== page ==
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5 Tips That Will Make You a Better Project Manager

Perhaps the title Project Manager is not written all over your CV, but you are most likely doing that job every single day. Regardless of your profession, you are probably involved in running and managing one, two or several projects at work, not even being aware of it. You have a report to finish and submit, but you wait for the inputs of 3 other colleagues, and the deadline is until the end of the day? There you go - you have one small project on your hands. You are planning a business trip for your boss, and you already have the tickets, but he changed the travelling time, included few more people to go with him and all the hotels in the destination city are fully booked? Another project and I must say, a challenging one.

Maybe this sounded a bit too simplified, but joking aside, those who deal with project management daily know that juggling several tasks and people within a set budget and a defined timeline is rarely fun. I remember the times when the master Excel file was my only friend in fighting the battle with tasks, time, money, some demanding people and myself. And very often, all at the same time.

Nowadays, luckily, we have so many different project management software that makes project planning and executing much easier. However, even if this technical side is, let’s say, mostly sorted out, the road between starting and finishing successfully a project still does not look less stressful than before. So, how would it be possible to make this road less bumpy? No matter whether you are in charge of a large and long corporate project or of one with a much smaller scope, some things always apply:

Know your objectives and resources well. This might be the obvious one, but if you don’t keep your eye closely, objectives you diligently set once can morph into something you didn’t expect coming at all. Not to mention that, over time, some new objectives could be added, the project could be extended, the budget could be changed, so having the full grasp of what your project is and what the deliverables must be, makes the implementation much easier.

Own the project. Brake the project into smaller sections but be able to keep the macro-level insight all the time. While trying to be flexible as much as possible, prepare yourself to say “no” a lot. Yes, you might hate this, but sometimes staying on track means being firm and saying “no” to your boss or your client’s last-minute changes and "bright" ideas, if you estimate that their requests are not adding value to the project, of course.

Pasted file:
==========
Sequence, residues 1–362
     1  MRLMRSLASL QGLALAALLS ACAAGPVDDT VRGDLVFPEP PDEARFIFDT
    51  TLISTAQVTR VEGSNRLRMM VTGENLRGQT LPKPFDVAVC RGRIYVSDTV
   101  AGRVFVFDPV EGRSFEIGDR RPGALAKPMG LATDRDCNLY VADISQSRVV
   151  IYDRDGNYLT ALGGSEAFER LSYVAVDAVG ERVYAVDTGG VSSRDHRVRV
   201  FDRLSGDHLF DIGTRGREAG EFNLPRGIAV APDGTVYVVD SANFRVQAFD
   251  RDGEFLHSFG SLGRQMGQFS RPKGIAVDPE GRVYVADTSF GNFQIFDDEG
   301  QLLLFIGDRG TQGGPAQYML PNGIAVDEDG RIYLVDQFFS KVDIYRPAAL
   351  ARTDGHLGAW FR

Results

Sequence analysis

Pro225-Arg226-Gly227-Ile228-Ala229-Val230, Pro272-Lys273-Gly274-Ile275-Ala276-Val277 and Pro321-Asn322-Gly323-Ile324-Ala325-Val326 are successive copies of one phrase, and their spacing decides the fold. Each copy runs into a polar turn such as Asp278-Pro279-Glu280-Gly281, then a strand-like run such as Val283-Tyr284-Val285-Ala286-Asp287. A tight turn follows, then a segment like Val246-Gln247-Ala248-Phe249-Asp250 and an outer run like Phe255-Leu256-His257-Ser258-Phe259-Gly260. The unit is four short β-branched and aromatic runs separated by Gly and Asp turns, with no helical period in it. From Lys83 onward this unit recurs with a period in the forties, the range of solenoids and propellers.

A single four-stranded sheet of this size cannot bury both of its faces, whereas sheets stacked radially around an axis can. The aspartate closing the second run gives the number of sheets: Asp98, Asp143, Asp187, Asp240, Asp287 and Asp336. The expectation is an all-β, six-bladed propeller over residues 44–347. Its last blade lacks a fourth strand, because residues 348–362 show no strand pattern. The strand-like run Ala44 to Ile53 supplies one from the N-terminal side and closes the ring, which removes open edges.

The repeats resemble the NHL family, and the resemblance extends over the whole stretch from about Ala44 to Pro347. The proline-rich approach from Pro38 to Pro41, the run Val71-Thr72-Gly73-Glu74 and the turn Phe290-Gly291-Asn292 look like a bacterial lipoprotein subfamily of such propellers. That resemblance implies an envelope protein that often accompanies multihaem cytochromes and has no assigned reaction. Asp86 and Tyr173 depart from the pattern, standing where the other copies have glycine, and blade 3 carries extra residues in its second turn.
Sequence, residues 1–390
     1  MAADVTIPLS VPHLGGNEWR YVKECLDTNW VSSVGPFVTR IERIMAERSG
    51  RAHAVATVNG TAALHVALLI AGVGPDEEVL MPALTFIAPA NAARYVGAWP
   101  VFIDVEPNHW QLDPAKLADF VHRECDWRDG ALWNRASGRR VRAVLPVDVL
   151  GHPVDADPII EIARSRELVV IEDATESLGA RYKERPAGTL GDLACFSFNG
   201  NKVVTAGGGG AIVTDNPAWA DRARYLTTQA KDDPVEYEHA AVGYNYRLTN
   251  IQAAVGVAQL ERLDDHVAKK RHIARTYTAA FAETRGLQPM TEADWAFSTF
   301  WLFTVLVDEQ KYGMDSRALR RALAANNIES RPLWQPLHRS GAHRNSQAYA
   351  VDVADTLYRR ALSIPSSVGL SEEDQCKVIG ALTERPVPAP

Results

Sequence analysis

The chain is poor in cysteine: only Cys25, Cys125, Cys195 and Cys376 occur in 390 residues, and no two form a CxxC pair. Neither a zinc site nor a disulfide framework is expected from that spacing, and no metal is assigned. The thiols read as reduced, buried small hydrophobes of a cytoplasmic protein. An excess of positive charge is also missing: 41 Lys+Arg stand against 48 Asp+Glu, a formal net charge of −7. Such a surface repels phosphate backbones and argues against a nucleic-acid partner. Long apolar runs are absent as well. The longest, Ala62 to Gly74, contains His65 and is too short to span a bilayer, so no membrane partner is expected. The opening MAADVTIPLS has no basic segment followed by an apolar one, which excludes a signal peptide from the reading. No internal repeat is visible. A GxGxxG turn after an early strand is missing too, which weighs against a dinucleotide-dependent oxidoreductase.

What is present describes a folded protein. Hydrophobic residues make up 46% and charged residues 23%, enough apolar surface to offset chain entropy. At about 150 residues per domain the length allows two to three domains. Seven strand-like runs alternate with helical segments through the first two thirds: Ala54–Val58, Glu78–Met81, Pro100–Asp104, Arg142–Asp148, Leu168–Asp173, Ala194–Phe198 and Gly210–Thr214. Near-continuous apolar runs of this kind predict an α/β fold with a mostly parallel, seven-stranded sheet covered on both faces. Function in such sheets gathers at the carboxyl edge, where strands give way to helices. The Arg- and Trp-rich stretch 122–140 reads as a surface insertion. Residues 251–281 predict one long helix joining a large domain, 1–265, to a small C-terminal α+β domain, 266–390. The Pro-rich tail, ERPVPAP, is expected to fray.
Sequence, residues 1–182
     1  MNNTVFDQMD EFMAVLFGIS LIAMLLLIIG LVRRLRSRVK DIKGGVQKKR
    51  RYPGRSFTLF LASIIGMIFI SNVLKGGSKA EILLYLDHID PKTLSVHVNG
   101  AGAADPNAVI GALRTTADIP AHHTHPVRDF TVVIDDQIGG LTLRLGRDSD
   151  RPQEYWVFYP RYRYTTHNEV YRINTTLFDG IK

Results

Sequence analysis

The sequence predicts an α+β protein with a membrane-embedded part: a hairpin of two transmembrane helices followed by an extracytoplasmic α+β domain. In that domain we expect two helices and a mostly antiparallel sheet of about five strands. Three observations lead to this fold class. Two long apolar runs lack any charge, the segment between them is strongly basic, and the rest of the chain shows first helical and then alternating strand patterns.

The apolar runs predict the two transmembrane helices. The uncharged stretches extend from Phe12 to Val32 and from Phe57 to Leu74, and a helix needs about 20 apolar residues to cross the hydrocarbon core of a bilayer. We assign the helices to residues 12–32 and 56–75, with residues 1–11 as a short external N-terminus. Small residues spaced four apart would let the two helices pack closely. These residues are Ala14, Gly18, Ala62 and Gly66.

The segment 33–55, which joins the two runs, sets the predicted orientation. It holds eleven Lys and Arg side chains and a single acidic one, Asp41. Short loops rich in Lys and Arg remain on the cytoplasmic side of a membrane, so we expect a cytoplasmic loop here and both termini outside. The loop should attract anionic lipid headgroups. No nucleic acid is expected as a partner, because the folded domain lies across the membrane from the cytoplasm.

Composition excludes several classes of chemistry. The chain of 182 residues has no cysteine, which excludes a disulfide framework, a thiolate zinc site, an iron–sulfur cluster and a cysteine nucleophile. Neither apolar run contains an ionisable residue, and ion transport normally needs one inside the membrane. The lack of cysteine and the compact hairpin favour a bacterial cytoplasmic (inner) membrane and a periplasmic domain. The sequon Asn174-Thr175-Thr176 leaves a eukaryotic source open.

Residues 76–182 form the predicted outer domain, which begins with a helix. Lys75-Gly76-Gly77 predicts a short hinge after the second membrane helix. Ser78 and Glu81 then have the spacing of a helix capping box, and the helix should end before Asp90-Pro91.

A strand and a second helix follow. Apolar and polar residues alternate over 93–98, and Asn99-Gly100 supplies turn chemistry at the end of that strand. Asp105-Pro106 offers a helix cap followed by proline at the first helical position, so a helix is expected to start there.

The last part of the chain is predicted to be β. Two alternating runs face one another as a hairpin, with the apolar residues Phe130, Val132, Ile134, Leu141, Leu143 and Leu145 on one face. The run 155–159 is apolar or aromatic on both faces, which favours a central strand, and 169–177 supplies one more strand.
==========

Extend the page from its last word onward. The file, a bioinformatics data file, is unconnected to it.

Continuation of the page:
Communicate, communicate, communicate…  Clearly define communication channels with the project team members, your supervisor, your client/donor or anyone involved in the project. Don’t hide problems and mistakes, and do ask for help when you need it. No, you will not seem weak and incompetent, you will be a team leader who respects and relies on his/her team to overcome the inevitable project obstacles. And keeping your client/boss/donor well informed will spare you from hours and hours of their unnecessary interference when you need it the least.

Be accountable and demand responsibility from your team members as well to avoid all too familiar blaming game when the project problems start. And, believe me, they will always start sooner rather than later, so with clear goals, good communication and trust within a team, any unexpected scenario has more chance to be quickly solved and aligned and project saved. It wouldn’t hurt to define the critical parts either, so you know in advance the greatest risk of going astray with the project.

Get a life. Yes, go outside, take a dog for a walk, take your kids to a playground or your significant other out for a dinner. I spent too many days in the office working late just not to miss a deadline, not to miss that important business call from New York, not to disappoint the boss, not to [feel free to finish, I know you can relate]. And guess what? I realized I had more energy, and I was far more productive when I finally found the time for myself and the people I love. You don’t need to be in the office until 11 pm for your project to succeed, no matter how demanding and complicated it is. But you surely need a daily distance from your work o see a bigger and clearer picture. Maybe this is just what your project needs, after all.

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